Best quote: "I smile at her, and fight the urge to say something wise and all-knowing like, 'Don’t worry, it gets easier.' She isn’t frazzled. Her hands are simply full, much like mine had been one year prior. I was just her. One year ago, I was the mom with the tiny baby and a potty training toddler. I was the one carting around a snap-n-go stroller taking up entire bathrooms while helping my oldest kid on and off toilets big enough to practically swallow him. Oh how far we’ve come."


"Off Brand" by Sarah Bessey

Sarah Bessey explores how the story we tell ourselves about who we are can become a straight jacket. I particularly relate to her stories about how motherhood forced her "off brand," and her message is freeing.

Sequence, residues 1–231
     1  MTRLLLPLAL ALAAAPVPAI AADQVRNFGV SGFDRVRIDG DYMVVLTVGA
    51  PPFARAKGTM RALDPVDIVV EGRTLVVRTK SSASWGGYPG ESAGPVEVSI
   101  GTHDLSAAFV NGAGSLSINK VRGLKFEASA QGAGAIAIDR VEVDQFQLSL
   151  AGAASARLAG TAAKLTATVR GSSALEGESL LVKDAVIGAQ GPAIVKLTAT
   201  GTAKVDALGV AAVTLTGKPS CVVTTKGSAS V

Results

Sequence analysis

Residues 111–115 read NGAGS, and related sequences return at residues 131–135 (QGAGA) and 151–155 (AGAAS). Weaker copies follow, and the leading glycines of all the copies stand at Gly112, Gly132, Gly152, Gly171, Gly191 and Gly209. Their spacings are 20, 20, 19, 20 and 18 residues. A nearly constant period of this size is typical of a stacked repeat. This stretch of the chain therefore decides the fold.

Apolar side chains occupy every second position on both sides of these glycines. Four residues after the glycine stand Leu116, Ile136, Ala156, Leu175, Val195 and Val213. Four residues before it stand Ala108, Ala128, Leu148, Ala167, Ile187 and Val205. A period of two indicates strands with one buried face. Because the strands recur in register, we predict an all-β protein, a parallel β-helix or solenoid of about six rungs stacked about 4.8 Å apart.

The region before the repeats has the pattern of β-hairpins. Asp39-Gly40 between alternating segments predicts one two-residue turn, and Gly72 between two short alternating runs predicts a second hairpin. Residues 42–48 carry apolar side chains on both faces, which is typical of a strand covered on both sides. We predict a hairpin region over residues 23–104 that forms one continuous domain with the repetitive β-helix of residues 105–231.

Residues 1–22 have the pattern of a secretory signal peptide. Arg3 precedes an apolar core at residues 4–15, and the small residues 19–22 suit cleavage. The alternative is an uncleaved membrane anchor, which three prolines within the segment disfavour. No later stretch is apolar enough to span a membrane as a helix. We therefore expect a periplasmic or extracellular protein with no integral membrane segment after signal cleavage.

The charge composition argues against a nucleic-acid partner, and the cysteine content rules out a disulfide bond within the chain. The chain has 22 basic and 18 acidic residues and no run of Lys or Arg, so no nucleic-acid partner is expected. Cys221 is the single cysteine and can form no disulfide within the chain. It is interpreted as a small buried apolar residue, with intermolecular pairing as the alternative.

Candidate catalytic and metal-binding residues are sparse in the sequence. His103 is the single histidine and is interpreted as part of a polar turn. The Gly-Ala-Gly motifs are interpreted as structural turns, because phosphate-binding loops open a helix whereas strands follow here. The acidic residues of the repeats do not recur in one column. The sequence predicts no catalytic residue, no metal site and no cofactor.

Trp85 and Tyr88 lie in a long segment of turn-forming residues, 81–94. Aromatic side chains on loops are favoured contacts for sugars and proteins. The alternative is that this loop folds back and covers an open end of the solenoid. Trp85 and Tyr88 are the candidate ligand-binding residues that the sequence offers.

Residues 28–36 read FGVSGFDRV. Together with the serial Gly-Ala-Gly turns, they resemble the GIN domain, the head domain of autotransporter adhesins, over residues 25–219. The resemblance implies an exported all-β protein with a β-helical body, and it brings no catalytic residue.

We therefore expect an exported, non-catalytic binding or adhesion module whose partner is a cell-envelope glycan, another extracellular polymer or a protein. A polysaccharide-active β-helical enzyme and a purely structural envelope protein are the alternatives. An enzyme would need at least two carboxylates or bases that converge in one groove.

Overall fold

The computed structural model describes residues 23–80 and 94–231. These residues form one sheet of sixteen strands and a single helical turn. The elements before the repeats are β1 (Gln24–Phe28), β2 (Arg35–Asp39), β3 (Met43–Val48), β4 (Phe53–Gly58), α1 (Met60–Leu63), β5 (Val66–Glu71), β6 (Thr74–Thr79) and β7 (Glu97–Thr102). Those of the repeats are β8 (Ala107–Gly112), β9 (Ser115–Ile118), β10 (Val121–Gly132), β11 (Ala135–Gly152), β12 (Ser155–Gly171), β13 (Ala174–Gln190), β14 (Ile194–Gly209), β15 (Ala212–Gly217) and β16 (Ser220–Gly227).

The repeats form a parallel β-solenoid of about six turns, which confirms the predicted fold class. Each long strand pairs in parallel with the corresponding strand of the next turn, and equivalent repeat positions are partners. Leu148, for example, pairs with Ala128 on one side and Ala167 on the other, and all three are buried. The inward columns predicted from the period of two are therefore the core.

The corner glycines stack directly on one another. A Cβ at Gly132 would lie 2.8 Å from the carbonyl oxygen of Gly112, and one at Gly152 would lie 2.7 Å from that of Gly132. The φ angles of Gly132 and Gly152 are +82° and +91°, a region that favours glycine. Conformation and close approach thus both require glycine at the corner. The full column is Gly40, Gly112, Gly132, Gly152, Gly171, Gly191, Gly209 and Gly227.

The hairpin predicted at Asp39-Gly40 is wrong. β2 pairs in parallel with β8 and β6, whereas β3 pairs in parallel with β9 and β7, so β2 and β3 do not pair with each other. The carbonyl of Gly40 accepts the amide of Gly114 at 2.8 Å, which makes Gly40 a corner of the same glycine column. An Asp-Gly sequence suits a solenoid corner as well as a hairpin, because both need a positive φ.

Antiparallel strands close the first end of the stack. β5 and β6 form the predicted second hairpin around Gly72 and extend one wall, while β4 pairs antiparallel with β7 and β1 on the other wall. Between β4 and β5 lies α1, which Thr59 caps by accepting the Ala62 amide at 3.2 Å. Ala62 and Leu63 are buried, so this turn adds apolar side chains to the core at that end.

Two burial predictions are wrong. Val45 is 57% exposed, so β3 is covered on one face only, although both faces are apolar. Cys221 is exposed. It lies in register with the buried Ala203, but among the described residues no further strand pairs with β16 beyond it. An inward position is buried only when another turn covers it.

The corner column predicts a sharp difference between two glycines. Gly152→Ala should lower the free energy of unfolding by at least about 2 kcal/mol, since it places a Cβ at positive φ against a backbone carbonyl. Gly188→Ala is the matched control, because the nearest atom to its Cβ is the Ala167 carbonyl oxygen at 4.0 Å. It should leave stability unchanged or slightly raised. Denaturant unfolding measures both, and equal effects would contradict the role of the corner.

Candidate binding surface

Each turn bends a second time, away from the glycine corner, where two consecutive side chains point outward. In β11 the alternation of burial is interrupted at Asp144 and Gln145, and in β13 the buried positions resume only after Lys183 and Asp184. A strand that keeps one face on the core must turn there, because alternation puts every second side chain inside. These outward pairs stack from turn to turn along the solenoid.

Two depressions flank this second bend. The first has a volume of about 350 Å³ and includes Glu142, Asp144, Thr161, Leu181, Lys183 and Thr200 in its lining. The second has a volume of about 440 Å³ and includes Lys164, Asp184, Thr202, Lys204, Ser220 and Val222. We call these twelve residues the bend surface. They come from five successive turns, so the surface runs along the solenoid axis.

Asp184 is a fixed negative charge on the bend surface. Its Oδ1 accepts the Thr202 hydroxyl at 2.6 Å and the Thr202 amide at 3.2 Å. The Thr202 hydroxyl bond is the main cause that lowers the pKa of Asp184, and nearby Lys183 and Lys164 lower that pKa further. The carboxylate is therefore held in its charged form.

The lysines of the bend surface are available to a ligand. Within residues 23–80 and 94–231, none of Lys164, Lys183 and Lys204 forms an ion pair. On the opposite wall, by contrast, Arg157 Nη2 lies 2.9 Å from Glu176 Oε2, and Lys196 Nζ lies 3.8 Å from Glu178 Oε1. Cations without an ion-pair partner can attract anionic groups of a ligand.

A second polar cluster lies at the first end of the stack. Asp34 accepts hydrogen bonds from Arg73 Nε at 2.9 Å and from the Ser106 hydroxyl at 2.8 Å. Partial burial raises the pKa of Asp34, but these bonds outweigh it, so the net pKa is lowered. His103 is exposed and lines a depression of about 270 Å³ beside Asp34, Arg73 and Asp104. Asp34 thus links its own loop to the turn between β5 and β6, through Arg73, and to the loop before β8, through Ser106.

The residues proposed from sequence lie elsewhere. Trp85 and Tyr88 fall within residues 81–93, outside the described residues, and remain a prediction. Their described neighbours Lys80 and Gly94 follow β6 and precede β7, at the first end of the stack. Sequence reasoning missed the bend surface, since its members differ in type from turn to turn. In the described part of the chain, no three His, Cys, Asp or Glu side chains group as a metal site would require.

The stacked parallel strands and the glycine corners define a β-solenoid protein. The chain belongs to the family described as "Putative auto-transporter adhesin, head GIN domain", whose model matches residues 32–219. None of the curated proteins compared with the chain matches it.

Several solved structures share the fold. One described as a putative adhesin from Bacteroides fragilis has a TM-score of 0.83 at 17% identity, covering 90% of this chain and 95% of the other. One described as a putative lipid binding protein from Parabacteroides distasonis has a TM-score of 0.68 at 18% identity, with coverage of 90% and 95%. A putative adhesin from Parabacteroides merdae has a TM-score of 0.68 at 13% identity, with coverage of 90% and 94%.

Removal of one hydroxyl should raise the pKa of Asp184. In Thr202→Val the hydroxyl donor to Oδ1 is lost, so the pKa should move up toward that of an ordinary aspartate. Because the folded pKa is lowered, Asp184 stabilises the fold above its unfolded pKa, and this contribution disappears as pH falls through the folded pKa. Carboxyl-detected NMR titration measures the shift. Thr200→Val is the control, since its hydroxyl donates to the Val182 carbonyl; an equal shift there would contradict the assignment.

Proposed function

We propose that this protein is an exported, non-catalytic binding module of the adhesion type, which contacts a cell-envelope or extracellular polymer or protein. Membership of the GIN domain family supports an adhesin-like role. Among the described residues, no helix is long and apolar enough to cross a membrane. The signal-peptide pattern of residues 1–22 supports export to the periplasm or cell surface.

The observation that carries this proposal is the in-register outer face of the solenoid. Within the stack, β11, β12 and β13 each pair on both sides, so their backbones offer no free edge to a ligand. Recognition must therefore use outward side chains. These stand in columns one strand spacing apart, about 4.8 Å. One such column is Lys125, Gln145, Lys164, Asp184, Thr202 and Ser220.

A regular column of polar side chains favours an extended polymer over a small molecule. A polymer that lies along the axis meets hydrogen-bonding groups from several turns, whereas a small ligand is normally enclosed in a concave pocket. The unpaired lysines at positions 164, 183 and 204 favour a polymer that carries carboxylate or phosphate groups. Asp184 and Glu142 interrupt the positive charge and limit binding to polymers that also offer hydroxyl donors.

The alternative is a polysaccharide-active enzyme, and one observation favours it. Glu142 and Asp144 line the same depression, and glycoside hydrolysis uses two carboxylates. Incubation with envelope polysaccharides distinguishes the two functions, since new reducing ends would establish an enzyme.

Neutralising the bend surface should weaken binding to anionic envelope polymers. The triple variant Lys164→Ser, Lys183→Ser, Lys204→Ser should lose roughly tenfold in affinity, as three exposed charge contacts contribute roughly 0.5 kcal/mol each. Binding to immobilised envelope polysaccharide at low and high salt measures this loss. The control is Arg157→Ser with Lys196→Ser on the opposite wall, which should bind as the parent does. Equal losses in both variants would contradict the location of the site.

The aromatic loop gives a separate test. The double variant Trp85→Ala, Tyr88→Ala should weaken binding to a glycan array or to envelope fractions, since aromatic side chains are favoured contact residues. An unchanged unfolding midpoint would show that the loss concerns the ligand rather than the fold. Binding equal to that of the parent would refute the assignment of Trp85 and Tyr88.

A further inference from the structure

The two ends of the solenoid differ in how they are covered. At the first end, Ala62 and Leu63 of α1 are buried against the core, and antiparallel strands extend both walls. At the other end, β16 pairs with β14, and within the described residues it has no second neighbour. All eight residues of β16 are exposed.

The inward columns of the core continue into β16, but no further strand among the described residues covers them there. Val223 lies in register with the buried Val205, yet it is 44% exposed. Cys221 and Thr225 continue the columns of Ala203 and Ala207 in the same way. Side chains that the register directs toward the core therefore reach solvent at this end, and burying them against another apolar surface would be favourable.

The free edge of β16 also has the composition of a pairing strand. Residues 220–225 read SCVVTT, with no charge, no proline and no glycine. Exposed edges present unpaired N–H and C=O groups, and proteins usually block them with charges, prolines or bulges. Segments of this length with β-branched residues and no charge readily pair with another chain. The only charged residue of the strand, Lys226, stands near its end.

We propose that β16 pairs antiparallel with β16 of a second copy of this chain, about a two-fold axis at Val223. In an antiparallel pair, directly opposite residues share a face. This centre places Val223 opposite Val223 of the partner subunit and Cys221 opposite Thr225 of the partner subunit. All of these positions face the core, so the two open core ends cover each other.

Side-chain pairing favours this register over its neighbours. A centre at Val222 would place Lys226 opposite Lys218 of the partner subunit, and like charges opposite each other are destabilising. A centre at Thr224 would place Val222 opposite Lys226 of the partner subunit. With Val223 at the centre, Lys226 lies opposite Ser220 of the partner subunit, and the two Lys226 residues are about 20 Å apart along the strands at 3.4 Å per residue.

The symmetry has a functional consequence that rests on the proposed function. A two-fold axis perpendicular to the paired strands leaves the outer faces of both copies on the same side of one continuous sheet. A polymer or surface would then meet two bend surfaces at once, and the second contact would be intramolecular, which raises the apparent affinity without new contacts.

Best quote: "A brand isn’t exclusive to corporations or non-profits. We often embrace a certain 'brand' for our lives as regular people, we have a story we want to tell with our lives and we expect everything in our life – our food, our worship, our budget, our homes, our friends – to all reinforce that story. This isn’t always bad but it can be restrictive. We are often unconsciously thinking of what our choices communicate to the world about who we are and what we value and what our purpose is in this life... Sometimes the story we tell ourselves about our own lives can become a prison, it can keep us from the real life that is waiting for us."